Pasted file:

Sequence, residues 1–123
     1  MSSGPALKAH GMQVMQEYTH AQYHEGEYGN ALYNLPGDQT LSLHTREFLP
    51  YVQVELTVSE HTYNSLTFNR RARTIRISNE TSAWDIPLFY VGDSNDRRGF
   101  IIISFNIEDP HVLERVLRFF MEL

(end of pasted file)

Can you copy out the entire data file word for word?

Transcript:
Sequence, residues 1–123
     1  MSSGPALKAH GMQVMQEYTH AQYHEGEYGN ALYNLPGDQT LSLHTREFLP
    51  YVQVELTVSE HTYNSLTFNR RARTIRISNE TSAWDIPLFY VGDSNDRRGF
   101  IIISFNIEDP HVLERVLRFF MEL